south side; north side; west end; east end:


Group 3

south side; north side; west side; east end, toward the rising sun:

to face towards the south; north side; to face the west; to face the east, towards the sun-rise:

facing the south country, on the southern side; northern side; western side; eastern side facing the sunrise:

south side facing southwards; north side; west side; on the east, towards the sunrise:

south side; north side; west end; east end, toward the sunrise:

south side; north side; west side; east side, facing the sunrise:

the side toward the Negeb, to the south; north side; west side; on the side toward the sunrising:

south side facing southwards; north side; west side; ast side, towards the sunrise:

south side; north side; west end; east end, facing the rising sun:


Group 4

south side southward; north side; west side; east side eastward:
Footnote: DBH: [eastward], Lit. "toward sunrise:" so chapter 38:13.

at the south side of this towards the mid-day sun; north side; on the short side westwards; side which looks eastward:

south side; side toward the north; toward the west; toward the south:



Except for the versions in Group 2, there is an inconsistency within each version. In Group 1, why are the words southward and eastward used, but northward and westward are not used? This pattern is followed by the Hebrew versions examined, with the exception of the New JPS Version.

In Group 2, the four directions are named. This appears to be the best way of rendering the directions of the four sides. The English is correct, and no problematic implications are given.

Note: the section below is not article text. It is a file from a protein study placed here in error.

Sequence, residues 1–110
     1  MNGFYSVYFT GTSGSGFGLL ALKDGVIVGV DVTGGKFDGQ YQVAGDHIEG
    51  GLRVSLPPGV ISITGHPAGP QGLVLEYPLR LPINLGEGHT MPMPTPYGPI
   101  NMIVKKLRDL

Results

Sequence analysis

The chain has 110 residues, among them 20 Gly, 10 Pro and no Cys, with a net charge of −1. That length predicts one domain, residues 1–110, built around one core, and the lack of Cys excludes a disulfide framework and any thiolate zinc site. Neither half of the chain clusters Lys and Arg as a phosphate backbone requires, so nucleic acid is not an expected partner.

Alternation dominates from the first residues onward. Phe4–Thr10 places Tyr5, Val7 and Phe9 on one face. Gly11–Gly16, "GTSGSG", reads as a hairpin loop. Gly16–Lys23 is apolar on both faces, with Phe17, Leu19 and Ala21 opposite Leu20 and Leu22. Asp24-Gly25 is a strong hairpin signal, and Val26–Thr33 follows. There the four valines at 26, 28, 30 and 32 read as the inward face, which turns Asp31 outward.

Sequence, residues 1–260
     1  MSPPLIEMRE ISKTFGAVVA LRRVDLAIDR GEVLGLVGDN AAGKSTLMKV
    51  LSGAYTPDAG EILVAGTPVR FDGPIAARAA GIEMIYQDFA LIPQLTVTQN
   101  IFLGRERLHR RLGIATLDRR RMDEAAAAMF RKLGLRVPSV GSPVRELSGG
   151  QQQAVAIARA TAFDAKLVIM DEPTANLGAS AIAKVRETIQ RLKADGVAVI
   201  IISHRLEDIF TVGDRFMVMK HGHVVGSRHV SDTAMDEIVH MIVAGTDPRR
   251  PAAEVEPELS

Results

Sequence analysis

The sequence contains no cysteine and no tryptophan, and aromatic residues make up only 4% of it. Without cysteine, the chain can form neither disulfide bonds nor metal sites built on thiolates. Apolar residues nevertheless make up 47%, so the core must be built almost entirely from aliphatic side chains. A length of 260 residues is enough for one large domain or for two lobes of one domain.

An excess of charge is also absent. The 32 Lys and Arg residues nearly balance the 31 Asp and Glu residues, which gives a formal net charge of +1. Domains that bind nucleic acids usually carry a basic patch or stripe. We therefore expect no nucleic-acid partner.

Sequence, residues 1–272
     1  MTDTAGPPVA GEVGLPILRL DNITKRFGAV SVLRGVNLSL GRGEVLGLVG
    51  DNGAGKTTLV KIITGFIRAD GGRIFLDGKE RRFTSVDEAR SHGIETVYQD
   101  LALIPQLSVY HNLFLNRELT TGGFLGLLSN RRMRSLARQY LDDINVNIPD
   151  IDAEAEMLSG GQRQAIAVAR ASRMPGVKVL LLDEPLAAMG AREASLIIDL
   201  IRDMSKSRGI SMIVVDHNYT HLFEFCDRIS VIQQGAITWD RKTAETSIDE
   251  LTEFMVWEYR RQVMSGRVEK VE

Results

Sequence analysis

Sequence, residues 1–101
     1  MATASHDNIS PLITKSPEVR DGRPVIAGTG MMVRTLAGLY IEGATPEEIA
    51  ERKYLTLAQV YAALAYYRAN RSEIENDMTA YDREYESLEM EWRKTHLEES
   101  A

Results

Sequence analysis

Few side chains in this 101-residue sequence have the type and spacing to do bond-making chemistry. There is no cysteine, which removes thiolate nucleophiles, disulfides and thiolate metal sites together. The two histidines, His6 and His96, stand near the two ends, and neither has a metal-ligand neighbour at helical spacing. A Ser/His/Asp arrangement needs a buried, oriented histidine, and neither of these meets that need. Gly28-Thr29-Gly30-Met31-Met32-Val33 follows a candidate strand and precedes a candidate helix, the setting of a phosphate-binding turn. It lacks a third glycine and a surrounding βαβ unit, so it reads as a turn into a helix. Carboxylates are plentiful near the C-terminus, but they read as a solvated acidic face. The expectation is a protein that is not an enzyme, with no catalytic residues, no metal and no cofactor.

Questions arise for Group 3. In referring to the east, the sunrise is mentioned. However, in referring to the west, why is the sunset not mentioned? Why is stress also placed on the south in some versions? This also occurs in Group 4.

The gate of the enclosure is on the east side. Reference to this spot is made in verses 13-16. Perhaps, an answer to why eastward has been translated to include the sun can be found in Ezekiel 8: 16. It may also explain why there is reference to noon in two versions in regard to the south and no reference to the sun for west or north. The King James Version is quoted:

This practice of sun-worship was condemned in this chapter and in other places in the Scripture. Yet, it appears in some of the versions. It is very subtle and may be missed or refuted; but it is there. It also appears in various other places in the Scriptures with the use of words whose origin can be traced through etymology to the worship of sun-gods. One of the most blatant, yet overlooked, example can be found in Malachi 4: 2, where Yahshua the Messiah is referred to as the Sun of Righteousness. Can the term eastward, which is used in several versions above, have the same implication as using reference to the rising sun?

Who are responsible for inserting the implications of sun worship into the Scriptures? If the inerrancy of the Scriptures held by many Christians be true, it would have to be Yahweh. However, Yahweh has condemned all pagan worship and all pagan gods. Therefore, man, through copying, translating, and interpreting, and interpolating has polluted the inspired word of Yahweh. It is necessary to pick out the true message in the Scriptures and avoid what man has added, either intentionally or innocently.